Dana Hamdan: Yeah, but from our standpoint, we think this is going to be a trendsetter campus for corporations to anchor downtowns and anchor such settings and it really plays the duality of the program. You've got your employees during the day, not just your employees, but employees of the central district with the amenities that are offered, and then gradually towards the end of the day, you see a very seamless transition, and employees are on their way out. They may grab a drink or a good to a happy hour, but you see that transition of user type from your employee to people who actually live downtown and now are utilizing the space as a normal extension, like a third place, what we call a third place, which is, people that who live downtown don't have a lot of space in their units.

So it's good to have the presence of a public space that has all the technology offering of Wi-Fi and is quite enjoyable actually. So it's a really nice 24/7 activation of the space. 

Did the pandemic and the experience of offices locking down and everything else, and that whole idea that, office towers are going to be hollowed out, people are just going to be remote working and there's no need for these big edifices anymore. 

Did any of that reshape the thinking? 

Dana Hamdan: Actually, if I may say, it actually reinforced the thinking because eventually, this conversation is not necessarily about the hybrid mode of work or office, but what we found out is that it actually provided what the pandemic is telling people you need, it provided quite a few different modes of collaboration outdoor that you can sit and collaborate in.

And we've seen that, like Justin was saying, the space organically opened. There was not a big ribbon-cutting event that happened, but people needed a space where they could be outdoors safely, and whether they're working or just enjoying other people's company and we've seen articles in major publications, like Fast Company and others, really dwell on and emphasize the need for outdoor collaboration spaces, and we feel that this came just right in time for the AT&T employees actually. 

So let's talk about what was done and why it was done. When you had the brief when you worked out the big idea, how did the components come together? 

Why did you decide on a big corner-wrapped LED on the side of one of the buildings and displays that lined the interior of the Whitacre building and so on?

Justin Rankin: So early on, I would say as we approached really all of our projects, there was a lot of strategy put into planning and thinking and our teams working together and working with AT&T and other stakeholders to think through different use cases, modes, activation scenarios, the flow of traffic, viewports, viewing angles, et cetera. 

We did a lot of research. We interviewed and spoke with employees. We interviewed and spoke with C-level executives and VIPs and collected all of that thinking to really inform where to invest the energy and concept. And, through that concept, things to help think about what types of platforms make the most sense, so we can get into it in more detail, but when you start to break apart the different digital platforms, whether it's the media wall or The Globe or the trellises or the lobby, what you'll find interesting is that there's a lot of intent put behind the design of those platforms so that those platforms can be leveraged for multiple different scenarios.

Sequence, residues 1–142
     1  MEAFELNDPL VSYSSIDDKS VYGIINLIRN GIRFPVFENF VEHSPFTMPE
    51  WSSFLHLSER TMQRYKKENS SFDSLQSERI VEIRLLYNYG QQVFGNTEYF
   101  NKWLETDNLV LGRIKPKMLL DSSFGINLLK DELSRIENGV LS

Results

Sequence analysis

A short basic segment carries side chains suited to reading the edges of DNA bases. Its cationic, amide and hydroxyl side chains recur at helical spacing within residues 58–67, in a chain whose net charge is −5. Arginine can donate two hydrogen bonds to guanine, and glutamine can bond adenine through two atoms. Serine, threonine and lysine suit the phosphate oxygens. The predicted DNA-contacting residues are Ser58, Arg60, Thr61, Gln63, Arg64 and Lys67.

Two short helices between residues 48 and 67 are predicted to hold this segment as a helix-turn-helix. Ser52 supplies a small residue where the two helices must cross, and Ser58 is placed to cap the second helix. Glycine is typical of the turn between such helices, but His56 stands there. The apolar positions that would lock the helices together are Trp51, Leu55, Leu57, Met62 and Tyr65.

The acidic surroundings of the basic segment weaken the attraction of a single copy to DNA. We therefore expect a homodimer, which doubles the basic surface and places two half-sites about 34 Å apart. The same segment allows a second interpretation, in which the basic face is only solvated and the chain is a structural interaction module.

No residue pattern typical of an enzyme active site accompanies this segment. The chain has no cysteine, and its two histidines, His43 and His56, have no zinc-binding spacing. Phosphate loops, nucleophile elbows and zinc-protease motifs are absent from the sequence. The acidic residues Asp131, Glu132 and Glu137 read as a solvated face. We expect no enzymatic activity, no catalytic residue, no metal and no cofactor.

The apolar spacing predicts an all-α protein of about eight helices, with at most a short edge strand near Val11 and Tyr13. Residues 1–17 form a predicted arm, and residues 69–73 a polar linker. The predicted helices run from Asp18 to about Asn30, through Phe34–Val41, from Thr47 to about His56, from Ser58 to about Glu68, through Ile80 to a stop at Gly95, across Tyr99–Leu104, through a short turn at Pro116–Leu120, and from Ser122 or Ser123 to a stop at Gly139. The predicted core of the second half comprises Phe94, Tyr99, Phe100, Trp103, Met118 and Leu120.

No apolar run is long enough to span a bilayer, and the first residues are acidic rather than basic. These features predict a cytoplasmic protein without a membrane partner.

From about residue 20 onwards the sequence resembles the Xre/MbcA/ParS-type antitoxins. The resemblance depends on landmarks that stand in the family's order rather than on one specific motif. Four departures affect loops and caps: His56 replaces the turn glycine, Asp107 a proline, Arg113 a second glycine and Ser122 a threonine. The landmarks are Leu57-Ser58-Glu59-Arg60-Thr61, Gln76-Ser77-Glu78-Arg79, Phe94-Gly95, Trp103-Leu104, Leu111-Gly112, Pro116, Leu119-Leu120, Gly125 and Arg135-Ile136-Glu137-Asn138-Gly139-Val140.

A prime example of that is that The Globe sculpture actually sits on a hydraulic turntable that can rotate 180 degrees. So we have these moments in which we can activate this small intimate grove setting, so maybe it's a singer-songwriter, or it's a DJ, or it's someone reading. You can have a small kind of intimate moment and at the same time, you can rotate the globe, pivoted towards commerce street, which is the main thoroughfare through downtown Dallas, and now you've got a beautiful and interactive backdrop for a marathon or for a holiday parade or for something else.

So for every platform, we've thought through those different scenarios, those were all part of that original strategy and helped us to shape where they should be located, how they should be faced. The media walls specifically, we thought about, as Dana mentioned at the beginning of the podcast, there's this kind of viewport that you have from five or more blocks away and it perfectly frames the shape and the aspect ratio of the media wall. So that was very intentional, but we decided to wrap the corner because now we have this ability to draw people in from the other side of the block or the other side of the Plaza. We can also provide some really cool content and experiences to people that are sitting at Jackson, which is a kind of a casual beer garden. 

Diana, feel free to add to that. But yeah, those were all factors and considerations that led to the final design. 

Dana Hamdan: For sure. But I would say if you're asking us as to why we did what we did, why did we decide that we needed orchestrated platforms?

And really, when we were thinking that, AT&T was really also obviously wanted to make employees proud, but second, they really wanted a shift in their brand and how do they represent their brand? And AT&T is not in the business of selling physical products, they sell an intangible service, and I say that all the time, it doesn't matter if you have an iPhone or Samsung or an LG or Whatever it is, It's actually the service that comes through that makes you enjoy your experience, and so we came with this concept that we have this intangible layer, connecting slick and new and futuristic looking platforms that make them come to life and make them feel connected.